When you get off the plane in Dubai, they hand you a map of the city. It's a pretty simple urban plan, with the city concentrated around its origins of a broad creek, and arrayed against the blue coastline of the Arabian Gulf.
Then you look more closely at the map and you see a lot of places noted with "u/c" beside it. This means "under construction," and it represents easily half the city, as it spreads out into the desert. This includes Motor City, where the sports car racetrack is being built; Dubailand, home to the upcoming theme parks of Universal Studio and Marvel; Dubai Silicon Oasis; the Mohammed Bin Rashid Gardens; the international Media Production Zone; Duabi Studio City (look for a quickie video on this, upcoming); residental developments like Jumeirah Village 1, and 2.
Then there's the new international airport, where they're building six parallel runways for takeoff and landing. I believe it will be the largest in the world. Everything here has to be the biggest, the best, the fastest, in the world.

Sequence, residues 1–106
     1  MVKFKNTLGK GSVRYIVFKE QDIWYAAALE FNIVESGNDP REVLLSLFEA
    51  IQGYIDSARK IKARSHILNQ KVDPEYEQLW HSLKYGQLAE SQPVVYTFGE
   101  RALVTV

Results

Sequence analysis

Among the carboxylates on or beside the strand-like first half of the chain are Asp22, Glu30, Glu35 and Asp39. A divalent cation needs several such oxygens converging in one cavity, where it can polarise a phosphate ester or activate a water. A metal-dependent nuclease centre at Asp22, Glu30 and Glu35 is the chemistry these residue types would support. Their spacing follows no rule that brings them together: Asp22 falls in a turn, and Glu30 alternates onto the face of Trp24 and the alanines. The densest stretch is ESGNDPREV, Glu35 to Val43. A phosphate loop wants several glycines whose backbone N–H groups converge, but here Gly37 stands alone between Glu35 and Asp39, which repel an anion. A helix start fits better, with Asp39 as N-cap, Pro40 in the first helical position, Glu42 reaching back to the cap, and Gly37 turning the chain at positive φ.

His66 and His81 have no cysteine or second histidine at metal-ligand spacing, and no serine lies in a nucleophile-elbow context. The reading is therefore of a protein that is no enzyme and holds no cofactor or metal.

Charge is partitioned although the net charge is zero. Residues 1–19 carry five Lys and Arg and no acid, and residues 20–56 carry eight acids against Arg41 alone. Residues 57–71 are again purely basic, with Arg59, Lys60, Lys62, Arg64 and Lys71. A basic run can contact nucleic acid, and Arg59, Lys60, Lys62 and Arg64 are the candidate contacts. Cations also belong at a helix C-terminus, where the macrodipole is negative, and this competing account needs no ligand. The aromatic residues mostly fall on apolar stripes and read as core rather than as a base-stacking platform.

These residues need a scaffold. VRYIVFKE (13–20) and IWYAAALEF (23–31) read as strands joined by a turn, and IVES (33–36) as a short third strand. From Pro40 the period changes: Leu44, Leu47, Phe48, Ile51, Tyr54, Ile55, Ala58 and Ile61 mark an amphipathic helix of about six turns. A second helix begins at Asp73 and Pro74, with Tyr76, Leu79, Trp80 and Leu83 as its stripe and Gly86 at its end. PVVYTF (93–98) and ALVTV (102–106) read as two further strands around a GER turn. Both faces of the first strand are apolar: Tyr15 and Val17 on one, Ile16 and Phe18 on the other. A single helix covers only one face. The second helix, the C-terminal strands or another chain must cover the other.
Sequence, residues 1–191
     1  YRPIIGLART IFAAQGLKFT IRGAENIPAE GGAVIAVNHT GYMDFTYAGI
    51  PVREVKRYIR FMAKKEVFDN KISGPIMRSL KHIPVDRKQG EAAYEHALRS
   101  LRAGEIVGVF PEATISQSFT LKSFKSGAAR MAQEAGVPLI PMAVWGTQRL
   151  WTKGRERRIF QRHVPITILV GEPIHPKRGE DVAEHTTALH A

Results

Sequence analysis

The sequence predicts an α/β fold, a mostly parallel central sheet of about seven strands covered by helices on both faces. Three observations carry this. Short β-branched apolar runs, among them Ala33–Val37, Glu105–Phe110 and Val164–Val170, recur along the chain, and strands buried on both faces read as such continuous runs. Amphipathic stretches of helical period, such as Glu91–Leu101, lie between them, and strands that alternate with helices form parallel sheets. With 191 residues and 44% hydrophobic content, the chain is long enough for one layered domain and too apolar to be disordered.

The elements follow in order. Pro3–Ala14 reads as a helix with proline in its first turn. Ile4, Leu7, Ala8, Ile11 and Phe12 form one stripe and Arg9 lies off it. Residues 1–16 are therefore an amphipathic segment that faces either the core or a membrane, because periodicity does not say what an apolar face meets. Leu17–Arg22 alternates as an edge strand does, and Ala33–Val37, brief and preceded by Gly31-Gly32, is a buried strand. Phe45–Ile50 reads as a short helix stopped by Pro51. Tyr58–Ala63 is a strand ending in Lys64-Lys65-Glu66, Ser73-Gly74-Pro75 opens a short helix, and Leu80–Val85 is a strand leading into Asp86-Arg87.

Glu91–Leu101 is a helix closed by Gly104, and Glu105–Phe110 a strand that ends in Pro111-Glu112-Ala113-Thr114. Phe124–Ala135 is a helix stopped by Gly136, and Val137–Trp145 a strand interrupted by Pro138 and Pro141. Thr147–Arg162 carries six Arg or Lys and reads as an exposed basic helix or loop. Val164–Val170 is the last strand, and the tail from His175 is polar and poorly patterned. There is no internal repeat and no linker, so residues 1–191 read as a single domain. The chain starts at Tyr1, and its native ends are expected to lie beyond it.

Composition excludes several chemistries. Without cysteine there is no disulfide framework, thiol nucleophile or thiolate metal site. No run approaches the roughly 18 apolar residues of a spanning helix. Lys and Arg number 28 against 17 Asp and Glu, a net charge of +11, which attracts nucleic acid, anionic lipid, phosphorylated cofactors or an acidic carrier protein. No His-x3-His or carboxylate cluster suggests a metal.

The city, which struggles with crushing traffic problems, will easily double in size. I'm told by one local economist that the rate of inflation here is 15 percent a year, but that the government bars the release of this figure, for fear of chasing away investors.
Re women: I've been delinquent in getting to this because, for all my experience in the Mideast, it is actually a non-issue in day to day life. In Dubai, particularly, you do not see many emiratis, as I've noted. Women dress in all manner of their respective cultures – Western-style, Indian, Philippino. Some are veiled, most are not.
But when you see an Emirati woman, you'll know it. They wear the black abaya and the veil with great pride. It is a social symbol, a sign that they are among the ruling class. You will often see a gaggle of young women sashaying through the mall, their abayas swishing beind them. Their body language suggests that they are a class apart from all the others who surround them in t-shirts and bright colors.